The Supreme Court of India is the only government organ which functions more on the basis of propriety and ethics rather than just legality. A consistent departure from these culminated into four senior judges ultimately resorting to a press conference — a first in the entire history of the Supreme Court.
We may not realise it, but this moment will go down as low point, in the annals of our constitutional history, which most of us being part of legal academia, read with great sense of pride and reverence. Only twice before has such a moment come in the history of our Supreme Court. First, when Justice Ray was appointed superseding three other senior judges and second, when Justice Beg was appointed superseding Justice HR Khanna.
Even in those times, the sanctity of the court didn’t come into jeopardy, in the same sense as it is now, because those events were the doings of the executive of that day, run by Indira Gandhi. The crisis today is the manifestation of the inbred problem within the apex court.
There are certainly problematic developments in the matters of allocation of matters to different benches. Justice AM Khanwilkar, for instance, was a part of the bench which adjudicated upon Kamini Jaiswal vs Union of India. He was also a part of the bench which adjudicated upon the Medical College case, which was at the centre of the controversy and was being dealt in Kamini Jaiswal’s case. Justice Khanwilkar, quite literally, gave himself a clean chit.The press conference held by the four Supreme Court judges. PTIIt has been established through a long history of practices and customs of the court, that all the judges of the Supreme Court are equal in rank and the Chief Justice is just the first among equals. The fact that four senior judges had to hold a press conference and tell this, is indeed reflective of a sad state of the functioning of the court.
The Supreme Court through one of its benches headed by Justice Markandey Katju, once remarked on the developments in the Allahabad High Court, that there is something rotten in Allahabad High Court. Perhaps time has come to a full circle, and there is something rotten in the Supreme Court today.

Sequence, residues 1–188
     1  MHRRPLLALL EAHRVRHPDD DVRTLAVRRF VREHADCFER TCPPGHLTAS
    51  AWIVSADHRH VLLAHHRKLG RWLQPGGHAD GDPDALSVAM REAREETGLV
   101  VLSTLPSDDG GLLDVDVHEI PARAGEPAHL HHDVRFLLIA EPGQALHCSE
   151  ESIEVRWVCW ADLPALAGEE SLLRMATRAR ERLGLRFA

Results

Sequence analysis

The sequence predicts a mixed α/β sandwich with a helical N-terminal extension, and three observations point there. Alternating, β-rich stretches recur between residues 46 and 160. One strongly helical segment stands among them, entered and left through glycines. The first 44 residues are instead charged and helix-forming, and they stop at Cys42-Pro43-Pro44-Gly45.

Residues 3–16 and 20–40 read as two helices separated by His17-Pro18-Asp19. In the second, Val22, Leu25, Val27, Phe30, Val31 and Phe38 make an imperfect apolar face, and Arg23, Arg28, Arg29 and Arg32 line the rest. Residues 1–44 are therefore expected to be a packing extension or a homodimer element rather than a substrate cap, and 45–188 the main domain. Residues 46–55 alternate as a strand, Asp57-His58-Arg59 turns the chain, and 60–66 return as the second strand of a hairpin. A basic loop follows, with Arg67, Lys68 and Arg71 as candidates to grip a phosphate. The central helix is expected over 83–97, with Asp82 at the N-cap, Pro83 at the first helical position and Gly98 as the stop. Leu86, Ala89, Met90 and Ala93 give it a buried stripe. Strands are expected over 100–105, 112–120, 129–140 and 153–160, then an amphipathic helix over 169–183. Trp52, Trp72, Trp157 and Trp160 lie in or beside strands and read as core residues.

The developments of today also need to be contextualised in our post-independence constitutional history. In the 1970s, the Supreme Court adjudicated the most famous case in its history — His Holiness Kesavananda Bharati vs. State of Kerala. The Supreme Court propounded the basic structure doctrine against the amending power of the Parliament. It held that even the Parliament cannot amend the parts of the Constitution which form the basic structure of the Constitution.
The Supreme Court in late 80s and in early 90s adjudicated upon three cases, which later became famous as the judges transfer cases. The combined effect of the judgements effectively was an amendment of the Constitution and emergence of an extra constitutional body known as the collegium. This advent of the collegium headed by the Chief Justice of India (CJI), was certainly a consequence of extreme repression of the judiciary in the bygone era, especially by Indira Gandhi. The judiciary became insecure, and the workings of the collegium remain opaque till today.
The judiciary gradually evolved, but the court always guarded its independence fiercely. Probably in such a zeal, the rule of law sometimes became jeopardised. Most recently, when the Supreme Court appointed the Lokpal in Uttar Pradesh, this was a totally executive function being performed by the judicial organ of the government.
The court has become the most powerful apex court in any jurisdiction across the world, by the fact that it appoints its judges itself. Too much power often leads to arbitrariness and perhaps what we are witnessing today is a manifestation of that. It is high time that reformative measures like the enactment of NJAC be welcomed by the court itself. This would restore to the court the respect it used to command.